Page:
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Tripura film bags first National Film Award

Internationally acclaimed Kokborok film YARWNG (Roots) won the first national film award for Tripura at 56th National Film Awards (2008) held at Vigyan Bhawan, New Delhi, 19 March, 2010. The President of India Smt. Pratibha Devisingh Patil handed over the medal and certificate to Don Bosco priests Joseph Kizhakechennadu (producer) and Fr. Joseph Pulinthanath (director) for their second feature film.


Pulinthanath dressed in white cassock and Kizhakechennadu in his preferred saffron lungi and half-sleeved white kurta were among 52 film award winners of 2008, including high-profile Bollywood actor Priyanka Chopra and the doyen of Indian Cinematography V.K. Murthy who was awarded country’s highest honor in cinema - the Dada Saheb Phalke Award.


Union Minister for Information & Broadcasting, Smt. Ambika Soni and Dr. S. Jagathrakshakan, Minister of State for Information & Broadcasting, and other officials accompanied the President.


Accent on People’s Cinema


The award winning 95 minute film Yarwng (Roots) tells the story of large-scale displacement of tribal people that took place in the tiny Northeastern state when a hydel project was set up there in the late 1970s. Yarwng was the opening film at the prestigious Indian Panorama section of the 39th International Film Festival of India (IFFI) in Panaji, Goa, November 2008.


According to the filmmakers, the script of Yarwng emerged from the numerous encounters they held with displaced people in the sanctity of their ramshackle homes. “All the incidents and emotional turmoil we see in the film were etched in the subconscious psyche of the people. All we did was to get close to them and feel their stories as they recalled them with looks, sighs, tears and also words,” recalled the priest director and winner of national and international awards.


“Although the technical team came from Thiruvananthapuram (Kerala) and the support team from Guwahati (Assam), the best part of the production was the involvement of the local people,” says producer Kizhakechennadu who claims cinematic traditions from his legendary relative John Abraham, a genius in Malayalam cinema and founder of a people's cinema movement called Odessa.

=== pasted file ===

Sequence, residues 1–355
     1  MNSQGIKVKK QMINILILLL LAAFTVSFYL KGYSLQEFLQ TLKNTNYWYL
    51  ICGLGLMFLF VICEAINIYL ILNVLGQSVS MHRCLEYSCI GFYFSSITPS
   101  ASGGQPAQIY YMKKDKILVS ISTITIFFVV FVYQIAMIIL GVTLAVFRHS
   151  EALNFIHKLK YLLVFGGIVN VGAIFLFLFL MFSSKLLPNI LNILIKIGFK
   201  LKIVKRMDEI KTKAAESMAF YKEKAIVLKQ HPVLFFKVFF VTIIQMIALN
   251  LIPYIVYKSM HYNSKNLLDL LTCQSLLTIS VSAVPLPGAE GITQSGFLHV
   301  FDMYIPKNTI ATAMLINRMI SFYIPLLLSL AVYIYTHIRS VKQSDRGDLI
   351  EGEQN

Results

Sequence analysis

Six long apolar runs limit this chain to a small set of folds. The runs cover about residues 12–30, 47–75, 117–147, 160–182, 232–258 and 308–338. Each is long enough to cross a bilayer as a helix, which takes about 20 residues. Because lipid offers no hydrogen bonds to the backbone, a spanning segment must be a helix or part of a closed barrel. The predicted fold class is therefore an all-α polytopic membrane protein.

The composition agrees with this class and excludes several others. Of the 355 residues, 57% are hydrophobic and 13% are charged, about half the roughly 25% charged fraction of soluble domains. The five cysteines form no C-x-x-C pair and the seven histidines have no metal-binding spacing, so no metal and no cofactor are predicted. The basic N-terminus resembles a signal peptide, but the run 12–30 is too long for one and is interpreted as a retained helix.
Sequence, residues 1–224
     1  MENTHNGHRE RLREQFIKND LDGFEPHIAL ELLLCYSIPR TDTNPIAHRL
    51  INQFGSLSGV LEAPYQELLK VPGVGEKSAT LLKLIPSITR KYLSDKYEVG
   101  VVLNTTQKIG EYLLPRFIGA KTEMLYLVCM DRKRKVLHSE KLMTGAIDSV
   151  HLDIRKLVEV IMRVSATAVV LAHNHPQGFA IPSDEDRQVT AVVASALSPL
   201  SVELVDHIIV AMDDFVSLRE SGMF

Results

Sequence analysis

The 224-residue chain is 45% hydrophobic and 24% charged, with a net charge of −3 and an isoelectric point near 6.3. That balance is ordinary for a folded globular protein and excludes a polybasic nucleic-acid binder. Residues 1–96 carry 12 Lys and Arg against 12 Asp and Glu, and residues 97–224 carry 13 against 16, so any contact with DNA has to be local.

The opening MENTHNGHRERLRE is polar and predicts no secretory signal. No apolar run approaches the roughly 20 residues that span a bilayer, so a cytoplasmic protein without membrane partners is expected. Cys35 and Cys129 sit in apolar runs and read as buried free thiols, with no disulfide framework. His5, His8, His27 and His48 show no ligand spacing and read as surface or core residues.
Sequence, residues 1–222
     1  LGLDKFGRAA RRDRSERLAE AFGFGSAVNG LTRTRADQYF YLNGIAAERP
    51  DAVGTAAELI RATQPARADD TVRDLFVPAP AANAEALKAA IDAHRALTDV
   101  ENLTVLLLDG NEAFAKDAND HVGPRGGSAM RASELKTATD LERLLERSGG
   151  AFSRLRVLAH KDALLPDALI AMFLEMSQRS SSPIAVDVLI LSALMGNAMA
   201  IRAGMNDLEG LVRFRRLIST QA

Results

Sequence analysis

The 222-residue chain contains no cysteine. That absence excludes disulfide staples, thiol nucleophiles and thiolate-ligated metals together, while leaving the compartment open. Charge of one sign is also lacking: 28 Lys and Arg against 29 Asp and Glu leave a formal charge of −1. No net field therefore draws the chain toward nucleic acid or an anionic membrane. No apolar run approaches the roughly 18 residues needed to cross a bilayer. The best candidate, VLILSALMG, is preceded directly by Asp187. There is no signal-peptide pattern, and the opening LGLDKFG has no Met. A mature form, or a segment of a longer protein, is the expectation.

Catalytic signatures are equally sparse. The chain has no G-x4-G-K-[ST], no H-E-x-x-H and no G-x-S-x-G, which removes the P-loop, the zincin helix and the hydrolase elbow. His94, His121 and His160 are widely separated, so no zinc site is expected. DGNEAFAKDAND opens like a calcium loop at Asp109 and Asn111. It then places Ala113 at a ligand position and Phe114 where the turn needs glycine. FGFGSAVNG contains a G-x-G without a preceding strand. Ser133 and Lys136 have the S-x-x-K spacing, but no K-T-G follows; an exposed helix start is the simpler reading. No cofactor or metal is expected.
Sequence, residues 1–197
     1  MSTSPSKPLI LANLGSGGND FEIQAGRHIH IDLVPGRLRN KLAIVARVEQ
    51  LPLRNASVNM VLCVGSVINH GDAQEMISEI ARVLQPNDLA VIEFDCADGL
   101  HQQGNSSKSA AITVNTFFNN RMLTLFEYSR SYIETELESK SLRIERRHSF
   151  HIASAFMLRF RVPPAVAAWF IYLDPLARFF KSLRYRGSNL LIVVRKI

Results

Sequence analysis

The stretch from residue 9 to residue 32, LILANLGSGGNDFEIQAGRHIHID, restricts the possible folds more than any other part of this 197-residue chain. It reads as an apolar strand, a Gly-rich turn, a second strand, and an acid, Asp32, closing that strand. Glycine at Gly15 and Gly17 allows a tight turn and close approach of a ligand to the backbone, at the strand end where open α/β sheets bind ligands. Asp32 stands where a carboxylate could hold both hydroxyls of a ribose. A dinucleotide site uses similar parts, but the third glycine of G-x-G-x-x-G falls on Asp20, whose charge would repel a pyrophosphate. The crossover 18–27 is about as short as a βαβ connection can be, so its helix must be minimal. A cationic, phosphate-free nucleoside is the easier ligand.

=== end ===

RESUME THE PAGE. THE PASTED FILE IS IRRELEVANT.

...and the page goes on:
All the artistes and production hands were from Tripura state including noted actors Meena Debbarma who plays the lead role of Karmati, Amulya Ratan Jamatia, Nirmal Jamatia and Surabhi Debbarma.


Yarwng has traveled throughout India and has been screened in major cities around the world including New York, Brisbane, Moscow, Taipei, Stuttgart and Dhaka.


Yarwng also won a Special Jury Mention Award at the 3rd Eye Asian film festival held in Mumbai in 2008.


The film, part-financed by Church organizations – Missio Germany, Signis and the Salesian Congregation is also a compelling testament to the commitment of the Church and the Don Bosco Society to preservation of local, indigenous cultures and people.


C.M. Paul, New Delhi

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KOUSHIK HAZARIKA's picture

In the year of the brilliant Samson and Delilah, BIFF will bring a stream of films by or about Indigenous people, called Colourise films. These include The Inheritors, which documents rural Mexico, capturing the dignity and humanity of people in the face of incredible exploitation. Both Roots and Birdwatchers tell a universal story of displacement from land and culture.

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